If You Were a Dinosaur, My Love

Hugo Award finalist, Nebula Award winner, World Fantasy Award finalist

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Rachel Swirsky holds an MFA in fiction from the Iowa Writers Workshop and graduated from Clarion West in 2005. Her short fiction has been published in a number of magazines and anthologies, including Tor.com, Clarkesworld, and Subterranean Magazine, and been nominated for a number of awards, including the Hugo Award, the Locus Award, and the World Fantasy Award. In 2010, her novella The Lady Who Plucked Red Flowers Beneath the Queen’s Window won the Nebula Award. As a kid, she watched too much Fairy Tale Theatre and memorized the score to Sondheim’s Into the Woods.
By Rachel Swirsky | Narrated by Lynne M. Thomas

If you were a dinosaur, my love, then you would be a T-Rex. You’d be a small one, only five feet, ten inches, the same height as human-you. You’d be fragile-boned and you’d walk with as delicate and polite a gait as you could manage on massive talons. Your eyes would gaze gently from beneath your bony brow-ridge.

If you were a T-Rex, then I would become a zookeeper so that I could spend all my time with you. I’d bring you raw chickens and live goats. I’d watch the gore shining on your teeth. I’d make my bed on the floor of your cage, in the moist dirt, cushioned by leaves. When you couldn’t sleep, I’d sing you lullabies.

If I sang you lullabies, I’d soon notice how quickly you picked up music. You’d harmonize with me, your rough, vibrating voice a strange counterpoint to mine. When you thought I was asleep, you’d cry unrequited love songs into the night.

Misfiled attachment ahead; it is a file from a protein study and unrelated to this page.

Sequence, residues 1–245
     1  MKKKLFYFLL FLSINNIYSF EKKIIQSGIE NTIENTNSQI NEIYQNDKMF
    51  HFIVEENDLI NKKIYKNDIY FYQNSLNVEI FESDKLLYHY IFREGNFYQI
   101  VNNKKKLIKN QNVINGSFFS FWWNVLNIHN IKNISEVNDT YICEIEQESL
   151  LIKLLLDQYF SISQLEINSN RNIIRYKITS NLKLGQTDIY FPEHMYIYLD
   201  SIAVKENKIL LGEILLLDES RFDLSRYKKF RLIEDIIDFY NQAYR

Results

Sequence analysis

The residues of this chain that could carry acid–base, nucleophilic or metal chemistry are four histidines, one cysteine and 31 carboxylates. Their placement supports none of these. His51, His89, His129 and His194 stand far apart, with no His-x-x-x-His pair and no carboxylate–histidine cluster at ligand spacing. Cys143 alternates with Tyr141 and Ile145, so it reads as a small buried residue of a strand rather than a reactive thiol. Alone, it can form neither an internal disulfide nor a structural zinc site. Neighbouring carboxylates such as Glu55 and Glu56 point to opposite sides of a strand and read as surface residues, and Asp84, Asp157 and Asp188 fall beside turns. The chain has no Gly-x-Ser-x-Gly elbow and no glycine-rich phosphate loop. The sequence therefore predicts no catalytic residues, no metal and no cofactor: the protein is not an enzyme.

If you sang unrequited love songs, I’d take you on tour. We’d go to Broadway. You’d stand onstage, talons digging into the floorboards. Audiences would weep at the melancholic beauty of your singing.

If audiences wept at the melancholic beauty of your singing, they’d rally to fund new research into reviving extinct species. Money would flood into scientific institutions. Biologists would reverse engineer chickens until they could discover how to give them jaws with teeth. Paleontologists would mine ancient fossils for traces of collagen. Geneticists would figure out how to build a dinosaur from nothing by discovering exactly what DNA sequences code everything about a creature, from the size of its pupils to what enables a brain to contemplate a sunset. They’d work until they’d built you a mate.

If they built you a mate, I’d stand as the best woman at your wedding. I’d watch awkwardly in green chiffon that made me look sallow, as I listened to your vows. I’d be jealous, of course, and also sad, because I want to marry you. Still, I’d know that it was for the best that you marry another creature like yourself, one that shares your body and bone and genetic template. I’d stare at the two of you standing together by the altar and I’d love you even more than I do now. My soul would feel light because I’d know that you and I had made something new in the world and at the same time revived something very old. I would be borrowed, too, because I’d be borrowing your happiness. All I’d need would be something blue.

If all I needed was something blue, I’d run across the church, heels clicking on the marble, until I reached a vase by the front pew. I’d pull out a hydrangea the shade of the sky and press it against my heart and my heart would beat like a flower. I’d bloom. My happiness would become petals. Green chiffon would turn into leaves. My legs would be pale stems, my hair delicate pistils. From my throat, bees would drink exotic nectars. I would astonish everyone assembled, the biologists and the paleontologists and the geneticists, the reporters and the rubberneckers and the music aficionados, all those people who—deceived by the helix-and-fossil trappings of cloned dinosaurs– believed that they lived in a science fictional world when really they lived in a world of magic where anything was possible.